Abraham Lincoln, Volume I eBook

This eBook from the Gutenberg Project consists of approximately 338 pages of information about Abraham Lincoln, Volume I.
to accept the pro-slavery Lecompton Constitution, with the douceur of a land grant, or to reject it.  If they accepted it, the State was to be admitted at once; if they rejected it, they were not to be admitted until the population should reach the number which was required for electing a member to the House of Representatives.  At present the population was far short of this number, and therefore rejection involved a long delay in acquiring statehood.  Douglas very justly assailed the unfairness of a proposal by which an anti-slavery vote was thus doubly and very severely handicapped; but the bill was passed by both Houses of Congress and was signed by the President.  The Kansans, however, by an enormous majority,[74] rejected the bribes of land and statehood in connection with slavery.  For his action concerning the Lecompton Constitution and the “English bill” Douglas afterward took much credit to himself.

Such was the stage of advancement of the slavery conflict in the country, and such the position of Douglas in national and in state politics, when there took place that great campaign in Illinois which made him again senator in 1858, and made Lincoln President in 1860.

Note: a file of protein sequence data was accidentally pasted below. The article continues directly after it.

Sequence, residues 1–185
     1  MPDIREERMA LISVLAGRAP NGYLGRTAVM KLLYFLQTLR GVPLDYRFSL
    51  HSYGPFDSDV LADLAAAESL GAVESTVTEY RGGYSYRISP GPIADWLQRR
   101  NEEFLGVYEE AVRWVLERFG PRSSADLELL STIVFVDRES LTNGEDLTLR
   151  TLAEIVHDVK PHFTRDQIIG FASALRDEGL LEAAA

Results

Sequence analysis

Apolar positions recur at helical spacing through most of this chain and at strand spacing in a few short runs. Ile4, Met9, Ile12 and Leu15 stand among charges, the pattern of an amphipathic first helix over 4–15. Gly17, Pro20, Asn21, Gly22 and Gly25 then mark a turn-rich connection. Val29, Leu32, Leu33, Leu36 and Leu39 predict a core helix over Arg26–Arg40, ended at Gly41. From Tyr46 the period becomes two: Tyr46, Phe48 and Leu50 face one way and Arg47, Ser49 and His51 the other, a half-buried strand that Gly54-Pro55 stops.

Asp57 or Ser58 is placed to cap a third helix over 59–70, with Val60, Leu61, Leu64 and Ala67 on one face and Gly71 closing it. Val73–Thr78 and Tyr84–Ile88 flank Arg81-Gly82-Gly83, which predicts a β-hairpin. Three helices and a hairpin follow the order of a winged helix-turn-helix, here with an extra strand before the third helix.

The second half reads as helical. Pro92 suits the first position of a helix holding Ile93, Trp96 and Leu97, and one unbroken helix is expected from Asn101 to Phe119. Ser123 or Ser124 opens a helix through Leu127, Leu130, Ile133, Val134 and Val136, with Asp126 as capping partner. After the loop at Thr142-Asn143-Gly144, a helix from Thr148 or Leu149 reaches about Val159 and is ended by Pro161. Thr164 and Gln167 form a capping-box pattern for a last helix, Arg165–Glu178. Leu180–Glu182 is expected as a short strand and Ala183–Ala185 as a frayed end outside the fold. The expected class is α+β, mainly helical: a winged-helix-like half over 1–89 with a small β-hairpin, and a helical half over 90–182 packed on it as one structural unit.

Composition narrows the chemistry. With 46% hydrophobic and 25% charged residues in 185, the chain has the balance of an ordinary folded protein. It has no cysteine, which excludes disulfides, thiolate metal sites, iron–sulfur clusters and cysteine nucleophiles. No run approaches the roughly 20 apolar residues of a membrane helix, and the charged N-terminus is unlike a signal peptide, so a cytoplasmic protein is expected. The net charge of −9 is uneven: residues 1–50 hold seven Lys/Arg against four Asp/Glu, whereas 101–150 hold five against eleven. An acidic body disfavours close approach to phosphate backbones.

[61] For a striking comparison of the condition of the South with that of the North in 1850, see von Holst’s Const.  Hist. of U.S. v. 567-586.

[62] December, 1845.

[63] For a description of Douglas’s state of mind, see N. and H. i. 345-351, quoting original authorities.

[64] N. and H. i. 388.

[65] Thus when John Adams first landed in Europe, and was asked whether he was “the great Mr. Adams,” he said:  No, the great Mr. Adams was his cousin, Samuel Adams of Boston.

[66] For a fair and discriminating estimate of Buchanan, see Blaine, Twenty Years in Congress, vol. i. ch. x., especially pp. 239-241.

[67] Maine, New Hampshire, Rhode Island, Connecticut, New York, Ohio, Michigan, Wisconsin, Iowa, all for Fremont; Maryland for Fillmore.

[68] Tennessee and Kentucky.

[69] Dred Scott, plff. in error, vs. Sandford, Sup.  Ct. of U.S.  Dec.  Term, 1856, 19 Howard, 393.  After the conclusion of this case Scott was given his freedom by his master.

[70] Ante, pp. 94, 95.

[71] August 24, 1855; Holland, 145.

[72] For a good sketch of Douglas, see Elaine, Twenty Years of Congress, i. 144.

[73] This doctrine was set forth by Douglas in a speech at Springfield, Ill., June 12, 1857.  A fortnight later, June 26, at the same place, Lincoln answered this speech.  N. and H. ii. 85-89.

[74] By 11,300 against 1,788, August 2, 1858.  Kansas was admitted as a State at the close of January, 1861, after many of the Southern States had already seceded.


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